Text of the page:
5. Evaluation of results So far results of such interventions were highly positive and qualitatively evaluated. Some of the impacts on students, schools, and YCRS are listed below: Students behaviour towards both traffic rules and policemen changed in a positive way. More parents are asking to enrol their children in the programme; and more schools asked to be involved in the programme. All children involved in the programme as well as all teachers in the involved schools were trained in first aid. The number of students playing in the streets decreased, which showed that they were putting the rules they learned into practice. The relationship between these schools and the traffic police were strengthened.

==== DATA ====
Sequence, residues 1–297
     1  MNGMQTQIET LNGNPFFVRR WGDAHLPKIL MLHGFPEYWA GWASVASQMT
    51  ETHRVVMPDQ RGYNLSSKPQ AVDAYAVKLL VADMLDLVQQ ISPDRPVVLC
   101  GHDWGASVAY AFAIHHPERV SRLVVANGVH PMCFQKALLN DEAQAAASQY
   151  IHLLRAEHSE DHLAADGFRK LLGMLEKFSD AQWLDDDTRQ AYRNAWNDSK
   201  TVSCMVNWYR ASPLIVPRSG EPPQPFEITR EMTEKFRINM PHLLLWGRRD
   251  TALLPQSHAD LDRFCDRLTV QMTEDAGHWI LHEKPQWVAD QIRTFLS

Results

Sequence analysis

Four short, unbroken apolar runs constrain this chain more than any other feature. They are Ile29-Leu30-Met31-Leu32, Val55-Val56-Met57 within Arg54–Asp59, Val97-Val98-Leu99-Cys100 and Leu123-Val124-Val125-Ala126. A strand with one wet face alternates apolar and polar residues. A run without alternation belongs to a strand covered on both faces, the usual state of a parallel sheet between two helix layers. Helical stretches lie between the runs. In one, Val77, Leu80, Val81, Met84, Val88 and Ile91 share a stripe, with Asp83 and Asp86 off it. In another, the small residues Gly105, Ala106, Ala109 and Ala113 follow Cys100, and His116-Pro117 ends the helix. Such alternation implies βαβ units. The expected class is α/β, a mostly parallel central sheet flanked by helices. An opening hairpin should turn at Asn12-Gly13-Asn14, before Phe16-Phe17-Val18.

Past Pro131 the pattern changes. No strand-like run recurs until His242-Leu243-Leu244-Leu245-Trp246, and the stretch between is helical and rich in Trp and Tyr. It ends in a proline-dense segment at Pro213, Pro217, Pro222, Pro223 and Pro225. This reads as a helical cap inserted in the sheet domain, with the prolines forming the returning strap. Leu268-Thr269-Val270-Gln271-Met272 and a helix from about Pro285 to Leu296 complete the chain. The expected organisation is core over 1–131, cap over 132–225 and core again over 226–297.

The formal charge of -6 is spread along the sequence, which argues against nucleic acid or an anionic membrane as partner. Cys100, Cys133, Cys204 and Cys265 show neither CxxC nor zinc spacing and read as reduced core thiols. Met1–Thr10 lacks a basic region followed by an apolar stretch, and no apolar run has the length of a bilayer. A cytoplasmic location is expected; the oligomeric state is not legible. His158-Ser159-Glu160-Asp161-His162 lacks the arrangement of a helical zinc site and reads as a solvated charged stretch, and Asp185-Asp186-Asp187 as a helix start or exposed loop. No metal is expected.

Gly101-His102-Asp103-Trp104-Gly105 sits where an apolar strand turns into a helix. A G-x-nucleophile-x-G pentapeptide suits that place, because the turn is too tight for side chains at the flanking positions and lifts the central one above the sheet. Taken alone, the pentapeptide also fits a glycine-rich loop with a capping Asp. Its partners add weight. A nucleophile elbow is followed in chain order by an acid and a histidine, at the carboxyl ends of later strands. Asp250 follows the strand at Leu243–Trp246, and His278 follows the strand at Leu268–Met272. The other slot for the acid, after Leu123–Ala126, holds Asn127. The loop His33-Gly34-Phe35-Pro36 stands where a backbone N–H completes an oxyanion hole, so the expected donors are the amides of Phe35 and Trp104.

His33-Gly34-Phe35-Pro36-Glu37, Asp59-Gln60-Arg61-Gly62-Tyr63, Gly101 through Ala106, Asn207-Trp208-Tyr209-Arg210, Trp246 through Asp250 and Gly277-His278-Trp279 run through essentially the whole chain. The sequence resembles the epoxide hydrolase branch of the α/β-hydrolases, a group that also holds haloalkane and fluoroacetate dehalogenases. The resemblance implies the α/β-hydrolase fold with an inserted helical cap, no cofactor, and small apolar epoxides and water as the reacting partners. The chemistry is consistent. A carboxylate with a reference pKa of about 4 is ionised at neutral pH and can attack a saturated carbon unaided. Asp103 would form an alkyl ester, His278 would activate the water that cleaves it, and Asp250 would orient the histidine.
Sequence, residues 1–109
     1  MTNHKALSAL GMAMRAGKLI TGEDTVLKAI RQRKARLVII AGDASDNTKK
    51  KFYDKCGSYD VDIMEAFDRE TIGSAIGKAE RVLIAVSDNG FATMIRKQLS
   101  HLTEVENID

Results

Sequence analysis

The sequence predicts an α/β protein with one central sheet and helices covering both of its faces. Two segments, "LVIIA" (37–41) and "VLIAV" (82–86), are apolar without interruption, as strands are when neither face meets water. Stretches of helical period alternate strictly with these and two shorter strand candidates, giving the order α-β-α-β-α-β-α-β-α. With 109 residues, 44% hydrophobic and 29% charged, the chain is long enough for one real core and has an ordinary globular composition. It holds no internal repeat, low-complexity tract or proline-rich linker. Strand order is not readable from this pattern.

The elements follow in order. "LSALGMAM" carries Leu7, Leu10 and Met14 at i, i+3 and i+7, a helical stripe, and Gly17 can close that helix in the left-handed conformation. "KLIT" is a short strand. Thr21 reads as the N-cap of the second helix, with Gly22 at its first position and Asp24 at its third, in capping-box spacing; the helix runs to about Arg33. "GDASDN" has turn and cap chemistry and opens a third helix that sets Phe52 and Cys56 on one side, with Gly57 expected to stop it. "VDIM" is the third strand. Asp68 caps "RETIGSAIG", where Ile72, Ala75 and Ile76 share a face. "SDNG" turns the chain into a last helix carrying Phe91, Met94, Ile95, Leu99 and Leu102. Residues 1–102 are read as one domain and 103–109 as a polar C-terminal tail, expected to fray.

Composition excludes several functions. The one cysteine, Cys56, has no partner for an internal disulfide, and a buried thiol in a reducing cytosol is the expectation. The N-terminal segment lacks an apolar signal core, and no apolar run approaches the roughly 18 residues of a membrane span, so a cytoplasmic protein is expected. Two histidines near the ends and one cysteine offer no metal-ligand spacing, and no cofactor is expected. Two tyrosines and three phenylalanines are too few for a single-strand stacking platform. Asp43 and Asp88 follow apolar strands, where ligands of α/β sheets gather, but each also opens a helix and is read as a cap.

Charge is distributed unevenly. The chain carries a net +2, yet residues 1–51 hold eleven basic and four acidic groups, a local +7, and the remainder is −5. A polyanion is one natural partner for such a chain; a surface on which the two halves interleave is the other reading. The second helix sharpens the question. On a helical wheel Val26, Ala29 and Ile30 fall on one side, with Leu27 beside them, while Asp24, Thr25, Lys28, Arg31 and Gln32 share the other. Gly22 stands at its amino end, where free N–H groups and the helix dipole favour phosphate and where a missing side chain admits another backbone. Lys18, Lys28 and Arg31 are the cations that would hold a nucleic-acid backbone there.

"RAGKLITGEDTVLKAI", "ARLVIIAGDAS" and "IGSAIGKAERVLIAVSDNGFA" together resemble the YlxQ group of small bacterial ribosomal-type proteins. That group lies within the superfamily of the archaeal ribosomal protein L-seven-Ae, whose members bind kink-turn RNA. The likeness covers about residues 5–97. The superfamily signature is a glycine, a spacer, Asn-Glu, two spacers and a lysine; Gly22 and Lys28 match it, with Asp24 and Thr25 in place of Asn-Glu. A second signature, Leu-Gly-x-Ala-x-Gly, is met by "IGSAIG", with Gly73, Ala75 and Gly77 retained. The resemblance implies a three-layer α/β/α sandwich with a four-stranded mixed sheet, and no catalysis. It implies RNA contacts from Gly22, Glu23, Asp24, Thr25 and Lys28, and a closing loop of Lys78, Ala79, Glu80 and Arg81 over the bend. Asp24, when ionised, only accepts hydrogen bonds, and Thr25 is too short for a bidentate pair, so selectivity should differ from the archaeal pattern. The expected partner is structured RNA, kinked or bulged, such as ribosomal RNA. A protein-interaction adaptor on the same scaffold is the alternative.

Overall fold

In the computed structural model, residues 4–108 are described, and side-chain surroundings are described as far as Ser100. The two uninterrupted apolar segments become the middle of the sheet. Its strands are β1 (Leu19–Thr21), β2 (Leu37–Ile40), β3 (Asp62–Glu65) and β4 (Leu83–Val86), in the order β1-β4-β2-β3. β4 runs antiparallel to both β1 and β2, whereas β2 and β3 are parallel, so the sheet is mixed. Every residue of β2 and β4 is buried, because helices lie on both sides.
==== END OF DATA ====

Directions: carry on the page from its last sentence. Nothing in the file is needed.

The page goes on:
One of the private schools proposed to integrate the road safety in its curriculum. The authorities now accept the YCRS as an auxiliary in implementing projects. The YCRS produced road safety guidelines for use in schools. Donors decided to continue to support the project after visiting Hajjah and Hodeidah. The project will be expanded to Sanaa and Dhamar governorates.